Leonard wants to kill the guy who murdered his wife, but a beating left him with anterograde amnesia; he can’t make new memories. So, every time he meets an important person or finds a clue that brings him a step closer to revenge, he tattoos that fact on his body.
Memento is an incredible movie y’all.
And maybe you can relate to Leonard. I know I can. Here is my exactly-the-same-pretty-much story.
Shortly after moving into town, I went to lunch at a fast food spot named Lola’s Chicken Shack. Sounded tasty enough. I generally trust the integrity of shacks of all sorts.
I ordered a deluxe fried chicken burger with fries. Handled the whole sandwich like a damn professional. Felt great about my decision.
[Five minutes passes]
"Yeah I'm good with this."
[Another five minutes]
"Yea. I feel. Hm."
[Another five minutes]
“GUH. Feel bloated and heavy. And tired. HOW COULD I HAVE EVER KNOWN??!?”
I had just learned something important about myself: eating greasy fast food is fun for about nine minutes, then I feel shitty for a full afternoon.
In fact, I’d learned this lesson roughly eight thousand times in the past decade.
This was my Leonard moment. I could now do one of two things:
a. Forget about the whole thing, because disposable food creates disposable memories. Make the exact same mistake next weekend, or the weekend after.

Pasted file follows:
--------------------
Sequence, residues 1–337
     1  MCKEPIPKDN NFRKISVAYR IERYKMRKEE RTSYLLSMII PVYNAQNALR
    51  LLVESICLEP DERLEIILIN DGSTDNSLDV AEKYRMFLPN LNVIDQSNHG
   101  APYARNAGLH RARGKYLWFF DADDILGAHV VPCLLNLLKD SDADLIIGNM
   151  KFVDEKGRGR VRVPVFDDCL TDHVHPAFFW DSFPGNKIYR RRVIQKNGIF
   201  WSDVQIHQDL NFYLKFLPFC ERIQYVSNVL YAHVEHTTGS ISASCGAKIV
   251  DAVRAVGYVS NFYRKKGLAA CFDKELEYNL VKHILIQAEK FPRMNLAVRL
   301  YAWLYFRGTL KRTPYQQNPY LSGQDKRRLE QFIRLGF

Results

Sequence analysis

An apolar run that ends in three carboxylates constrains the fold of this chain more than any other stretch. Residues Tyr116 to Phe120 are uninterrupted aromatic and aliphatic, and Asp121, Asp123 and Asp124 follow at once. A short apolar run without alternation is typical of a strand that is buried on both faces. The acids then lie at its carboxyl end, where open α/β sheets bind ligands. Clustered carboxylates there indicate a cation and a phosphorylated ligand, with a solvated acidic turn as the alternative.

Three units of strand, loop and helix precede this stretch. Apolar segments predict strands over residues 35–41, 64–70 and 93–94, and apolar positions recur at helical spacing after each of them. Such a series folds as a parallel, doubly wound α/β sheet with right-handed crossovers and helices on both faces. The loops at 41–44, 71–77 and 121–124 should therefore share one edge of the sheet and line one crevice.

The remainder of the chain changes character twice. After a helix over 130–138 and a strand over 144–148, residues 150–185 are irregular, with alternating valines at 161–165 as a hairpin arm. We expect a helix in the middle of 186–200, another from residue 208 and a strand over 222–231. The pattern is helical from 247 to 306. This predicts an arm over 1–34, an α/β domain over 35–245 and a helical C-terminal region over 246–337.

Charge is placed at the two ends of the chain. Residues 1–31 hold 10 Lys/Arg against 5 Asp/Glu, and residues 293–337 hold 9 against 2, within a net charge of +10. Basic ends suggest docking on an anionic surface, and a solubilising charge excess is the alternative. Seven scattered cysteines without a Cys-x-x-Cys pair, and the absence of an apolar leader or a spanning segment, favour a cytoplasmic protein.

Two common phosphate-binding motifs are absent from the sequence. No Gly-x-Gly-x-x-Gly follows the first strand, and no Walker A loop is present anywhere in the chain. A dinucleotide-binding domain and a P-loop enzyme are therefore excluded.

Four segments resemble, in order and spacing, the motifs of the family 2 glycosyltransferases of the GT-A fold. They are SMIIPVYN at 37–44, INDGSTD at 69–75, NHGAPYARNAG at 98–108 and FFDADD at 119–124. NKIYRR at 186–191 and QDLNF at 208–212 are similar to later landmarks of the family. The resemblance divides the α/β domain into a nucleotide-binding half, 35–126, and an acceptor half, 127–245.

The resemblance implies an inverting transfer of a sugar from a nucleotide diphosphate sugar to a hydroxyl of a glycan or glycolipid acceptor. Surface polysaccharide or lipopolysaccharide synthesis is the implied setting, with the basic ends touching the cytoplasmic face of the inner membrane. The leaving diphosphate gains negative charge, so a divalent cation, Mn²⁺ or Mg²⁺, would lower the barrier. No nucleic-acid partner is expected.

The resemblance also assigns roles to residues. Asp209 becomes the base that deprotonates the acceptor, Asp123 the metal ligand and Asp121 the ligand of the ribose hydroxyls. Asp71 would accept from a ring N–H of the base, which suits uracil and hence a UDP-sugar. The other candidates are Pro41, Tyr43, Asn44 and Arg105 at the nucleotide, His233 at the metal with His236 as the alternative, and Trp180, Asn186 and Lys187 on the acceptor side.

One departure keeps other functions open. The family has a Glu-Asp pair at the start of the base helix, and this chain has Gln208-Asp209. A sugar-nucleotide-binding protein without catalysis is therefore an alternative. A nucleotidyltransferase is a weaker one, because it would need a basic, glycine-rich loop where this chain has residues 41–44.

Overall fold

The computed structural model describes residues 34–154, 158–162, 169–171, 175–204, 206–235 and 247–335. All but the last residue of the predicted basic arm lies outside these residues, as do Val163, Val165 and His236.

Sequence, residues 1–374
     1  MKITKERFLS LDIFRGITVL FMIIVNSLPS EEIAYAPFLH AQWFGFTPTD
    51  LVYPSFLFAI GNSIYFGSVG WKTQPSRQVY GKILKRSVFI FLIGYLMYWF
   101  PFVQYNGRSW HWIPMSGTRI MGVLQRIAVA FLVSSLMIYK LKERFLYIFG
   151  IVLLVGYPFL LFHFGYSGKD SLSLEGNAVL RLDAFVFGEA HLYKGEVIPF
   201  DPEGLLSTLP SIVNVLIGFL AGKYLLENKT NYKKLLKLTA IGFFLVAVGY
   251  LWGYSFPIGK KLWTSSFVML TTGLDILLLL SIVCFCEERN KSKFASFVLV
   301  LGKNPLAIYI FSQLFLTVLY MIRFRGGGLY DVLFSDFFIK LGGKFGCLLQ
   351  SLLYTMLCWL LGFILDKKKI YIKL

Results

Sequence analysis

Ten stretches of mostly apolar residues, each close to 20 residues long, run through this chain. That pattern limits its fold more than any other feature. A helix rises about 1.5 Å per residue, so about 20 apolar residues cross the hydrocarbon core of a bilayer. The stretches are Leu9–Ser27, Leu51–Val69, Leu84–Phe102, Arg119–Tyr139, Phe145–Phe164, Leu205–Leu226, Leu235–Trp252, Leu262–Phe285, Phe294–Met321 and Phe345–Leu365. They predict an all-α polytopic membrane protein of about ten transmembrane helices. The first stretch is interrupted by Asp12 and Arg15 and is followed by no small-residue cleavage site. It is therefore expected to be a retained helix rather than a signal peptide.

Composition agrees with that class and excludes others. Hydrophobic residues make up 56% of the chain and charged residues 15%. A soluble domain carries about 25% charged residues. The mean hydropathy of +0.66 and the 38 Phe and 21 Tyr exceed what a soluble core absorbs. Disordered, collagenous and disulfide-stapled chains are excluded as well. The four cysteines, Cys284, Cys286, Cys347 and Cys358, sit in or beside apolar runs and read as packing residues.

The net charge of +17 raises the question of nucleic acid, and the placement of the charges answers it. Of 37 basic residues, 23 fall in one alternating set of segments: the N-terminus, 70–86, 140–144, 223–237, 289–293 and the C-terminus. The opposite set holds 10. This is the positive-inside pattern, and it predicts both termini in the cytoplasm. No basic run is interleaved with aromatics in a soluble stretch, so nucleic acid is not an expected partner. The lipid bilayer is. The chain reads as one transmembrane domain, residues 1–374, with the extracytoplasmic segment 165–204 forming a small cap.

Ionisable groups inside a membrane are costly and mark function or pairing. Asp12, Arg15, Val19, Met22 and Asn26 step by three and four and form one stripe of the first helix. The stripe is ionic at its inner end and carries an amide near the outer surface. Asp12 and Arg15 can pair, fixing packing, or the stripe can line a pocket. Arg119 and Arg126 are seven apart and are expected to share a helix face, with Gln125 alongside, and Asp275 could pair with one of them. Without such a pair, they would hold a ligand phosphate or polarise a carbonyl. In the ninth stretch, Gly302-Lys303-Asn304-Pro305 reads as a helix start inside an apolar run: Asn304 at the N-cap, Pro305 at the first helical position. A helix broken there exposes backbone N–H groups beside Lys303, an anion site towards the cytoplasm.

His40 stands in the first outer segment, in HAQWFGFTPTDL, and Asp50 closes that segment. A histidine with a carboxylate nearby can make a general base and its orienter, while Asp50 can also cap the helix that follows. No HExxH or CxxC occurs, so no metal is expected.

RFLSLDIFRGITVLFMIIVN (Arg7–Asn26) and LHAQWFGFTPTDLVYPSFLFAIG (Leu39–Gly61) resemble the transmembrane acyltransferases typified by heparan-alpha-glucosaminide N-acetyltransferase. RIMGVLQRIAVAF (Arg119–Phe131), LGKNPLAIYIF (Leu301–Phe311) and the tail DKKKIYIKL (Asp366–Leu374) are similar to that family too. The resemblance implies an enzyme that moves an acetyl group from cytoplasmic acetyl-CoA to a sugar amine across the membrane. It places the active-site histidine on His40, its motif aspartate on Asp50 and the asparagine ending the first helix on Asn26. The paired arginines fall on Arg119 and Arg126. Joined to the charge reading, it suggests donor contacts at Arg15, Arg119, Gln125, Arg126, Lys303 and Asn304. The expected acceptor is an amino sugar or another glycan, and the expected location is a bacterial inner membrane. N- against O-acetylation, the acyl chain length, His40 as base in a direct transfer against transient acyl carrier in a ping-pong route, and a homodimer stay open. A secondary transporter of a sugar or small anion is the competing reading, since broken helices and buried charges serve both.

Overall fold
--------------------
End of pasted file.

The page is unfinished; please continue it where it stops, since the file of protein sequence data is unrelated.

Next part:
b. Write down what I ate and how I felt after. Put that note somewhere easy to find, like jusssst above my right nipple.
(I typed this particular note into my phone tho)
I wrote to my future self*:
“That food will make you happy for four seconds and then you’ll feel crappy for a day. DON’T BELIEVE ITS LIES.”
I love the Memento approach because it accepts the reality that even with healthy hippocampi our memories are full of holes. Critical lessons slip through us like pasta water through a sieve.
You eat something that doesn’t serve your goals because it sounded so good on the menu..
Or you drink two too many mezcals and wake up with a massive hangover on Sunday morning..
And you “promise” yourself that you’ll remember this time, using your mighty human brain.
But like Leonard, you probably won’t. And it’s not because you aren’t committed or capable or that you have a terrible memory. You have a regular memory. You genuinely want change. But like Leonard, you must respect the limits of your memory.
Help your future self out a bit. Start to record how what you eat makes you feel an hour later. What feels different? Do you feel more energy or less? More focus or less? It’s not a judgement, its simply an observation. A little assist to next-week-you.
And when you spot an important lesson, go get that tattoo. You know *exactly* where to put it.
(Pictured: My next wonderful tattoo.)
*Yes, I actually wrote this. When you treat your future self like a real person, you tend to make better decisions in the present.